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Cymraeg

Finless porpoises more endangered than previously thought

12 July 2010

Finless porpoises living in the freshwaters of China’s Yangtze River are more endangered than previously thought, according to the results of a new genetic survey involving Cardiff University.

The survey of groups of finless porpoises from different regions has revealed that the Yangtze finless porpoise is genetically different from its marine counterparts. The researchers are now warning that these results will have major implications for conservation and survival.

The finless porpoise, a type of toothed whale, inhabits a wide range of waters in the Indo-Pacific region. For the purposes of the study, researchers analyzed the genetic structure of groups from the Yangtze River, the Yellow Sea and the South China Sea.

The data revealed significant genetic differences between regions, suggesting that finless porpoises in Chinese waters can actually be classified as three distinct genetic groups. Of these groupings, the Yangtze finless porpoise is the only one adapted for living in freshwater. Previous studies have shown that numbers are in sharp decline and only 1,000 are estimated to remain in the river.

The research was conducted by a team from Nanjing Normal University, China, along with Professor Mike Bruford, Cardiff University’s School of Biosciences.

The study began when Professor Guang Yang, now at Nanjing Normal University, was a Royal Society Incoming Fellow working with Professor Bruford at Cardiff.

Professor Bruford said: "The unique genetic diversity of the Yangtze finless porpoise has major implications for how we tackle conservation. The survey also found that the Yellow Sea porpoises are distinct from those in the South China Sea. Each population group therefore requires separate conservation efforts.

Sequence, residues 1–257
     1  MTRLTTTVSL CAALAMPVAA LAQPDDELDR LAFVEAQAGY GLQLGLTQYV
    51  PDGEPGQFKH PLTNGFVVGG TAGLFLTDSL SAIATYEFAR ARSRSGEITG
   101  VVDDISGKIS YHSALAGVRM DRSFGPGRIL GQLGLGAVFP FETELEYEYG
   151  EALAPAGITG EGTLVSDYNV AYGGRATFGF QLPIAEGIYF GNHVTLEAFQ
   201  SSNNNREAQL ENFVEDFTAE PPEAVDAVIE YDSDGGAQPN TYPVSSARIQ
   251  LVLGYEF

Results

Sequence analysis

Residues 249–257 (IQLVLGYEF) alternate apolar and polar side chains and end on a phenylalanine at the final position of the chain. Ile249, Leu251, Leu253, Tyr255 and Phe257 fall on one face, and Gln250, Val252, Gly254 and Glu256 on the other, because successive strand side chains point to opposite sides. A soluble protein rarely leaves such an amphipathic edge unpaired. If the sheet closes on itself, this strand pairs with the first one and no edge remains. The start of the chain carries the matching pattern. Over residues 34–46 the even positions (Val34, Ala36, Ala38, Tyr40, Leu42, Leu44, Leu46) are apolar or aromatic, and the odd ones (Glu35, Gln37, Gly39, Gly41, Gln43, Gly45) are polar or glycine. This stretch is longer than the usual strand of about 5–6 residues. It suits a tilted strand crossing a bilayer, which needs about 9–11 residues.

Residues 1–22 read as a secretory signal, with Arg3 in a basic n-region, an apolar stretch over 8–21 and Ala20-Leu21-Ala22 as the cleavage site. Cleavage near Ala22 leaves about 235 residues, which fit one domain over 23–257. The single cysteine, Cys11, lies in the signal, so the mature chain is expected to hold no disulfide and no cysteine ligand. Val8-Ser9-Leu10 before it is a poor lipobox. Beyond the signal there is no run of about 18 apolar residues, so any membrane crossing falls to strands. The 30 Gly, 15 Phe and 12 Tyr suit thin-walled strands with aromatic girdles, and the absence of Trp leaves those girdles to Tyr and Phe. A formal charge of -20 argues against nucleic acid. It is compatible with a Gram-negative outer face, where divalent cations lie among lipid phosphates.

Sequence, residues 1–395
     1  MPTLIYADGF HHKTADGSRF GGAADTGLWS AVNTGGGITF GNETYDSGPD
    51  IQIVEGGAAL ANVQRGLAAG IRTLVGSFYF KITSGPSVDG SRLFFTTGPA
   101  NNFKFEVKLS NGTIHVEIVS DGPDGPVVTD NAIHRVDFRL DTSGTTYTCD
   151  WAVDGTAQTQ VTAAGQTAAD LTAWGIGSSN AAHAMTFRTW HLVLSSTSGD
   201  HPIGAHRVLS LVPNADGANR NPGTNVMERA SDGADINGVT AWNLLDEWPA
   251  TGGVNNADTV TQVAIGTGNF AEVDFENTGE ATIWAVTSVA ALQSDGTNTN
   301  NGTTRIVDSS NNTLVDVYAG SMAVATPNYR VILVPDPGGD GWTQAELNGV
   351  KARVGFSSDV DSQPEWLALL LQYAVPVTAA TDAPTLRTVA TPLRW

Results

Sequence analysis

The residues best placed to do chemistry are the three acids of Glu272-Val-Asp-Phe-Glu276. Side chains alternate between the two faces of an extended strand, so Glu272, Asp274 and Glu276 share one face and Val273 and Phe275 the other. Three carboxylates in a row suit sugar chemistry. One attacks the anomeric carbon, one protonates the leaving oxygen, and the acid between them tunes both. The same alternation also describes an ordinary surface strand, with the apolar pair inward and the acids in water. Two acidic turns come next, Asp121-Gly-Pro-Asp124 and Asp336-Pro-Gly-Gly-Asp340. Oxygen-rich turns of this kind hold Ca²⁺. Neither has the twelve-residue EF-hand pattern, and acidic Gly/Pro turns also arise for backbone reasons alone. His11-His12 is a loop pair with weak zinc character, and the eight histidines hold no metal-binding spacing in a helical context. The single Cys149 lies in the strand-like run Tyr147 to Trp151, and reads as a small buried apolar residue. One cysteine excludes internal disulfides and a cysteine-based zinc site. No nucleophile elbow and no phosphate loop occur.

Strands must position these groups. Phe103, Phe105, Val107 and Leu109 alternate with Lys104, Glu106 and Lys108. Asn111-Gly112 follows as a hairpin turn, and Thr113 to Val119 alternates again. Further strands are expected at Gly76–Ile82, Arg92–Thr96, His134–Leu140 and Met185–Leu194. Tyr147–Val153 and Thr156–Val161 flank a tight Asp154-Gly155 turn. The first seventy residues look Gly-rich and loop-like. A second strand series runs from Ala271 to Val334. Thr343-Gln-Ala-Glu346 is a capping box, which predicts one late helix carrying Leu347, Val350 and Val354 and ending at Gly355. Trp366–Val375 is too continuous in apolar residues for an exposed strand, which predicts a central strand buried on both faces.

"The population figures in the Yangtze river are decreasing annually and studies suggest that this population may become extinct this century. Special efforts need to be made to protect this rare species from suffering the same fate as the baiji, the Yangtze river dolphin declared extinct in 2007."

-ENDS-

For further information, please contact:

Professor Mike Bruford

School of Biosciences

Cardiff University

BrufordMW@cardiff.ac.uk

Jessica Kelly

Public Relations Office

Cardiff University

029 2087 0298

KellyJA@cardiff.ac.uk

Notes to editors:

Cardiff School of Biosciences

Cardiff’s School of Biosciences holds a world-leading reputation, addressing major questions which face health and life scientists. In 2007, one of its members, Professor Sir Martin Evans, was awarded the Nobel Prize for Medicine for his ground-breaking discovery of stem cells. Professor Sir Martin has helped build a strong research base in stem cell research and regenerative medicine at the School. Other major research areas include biodiversity and ecology, with significant discoveries about some of the world’s most endangered species. The School also houses the Common Cold Centre, the world’s only centre dedicated to flu and the common cold. The School has achieved top gradings in national, independent ratings of its teaching of biology, biochemistry, anatomy and physiology, and its pre-clinical training for doctors and dentists. It also has an extensive programme of public engagement, so that the NHS, industry and the general public can learn more about its research.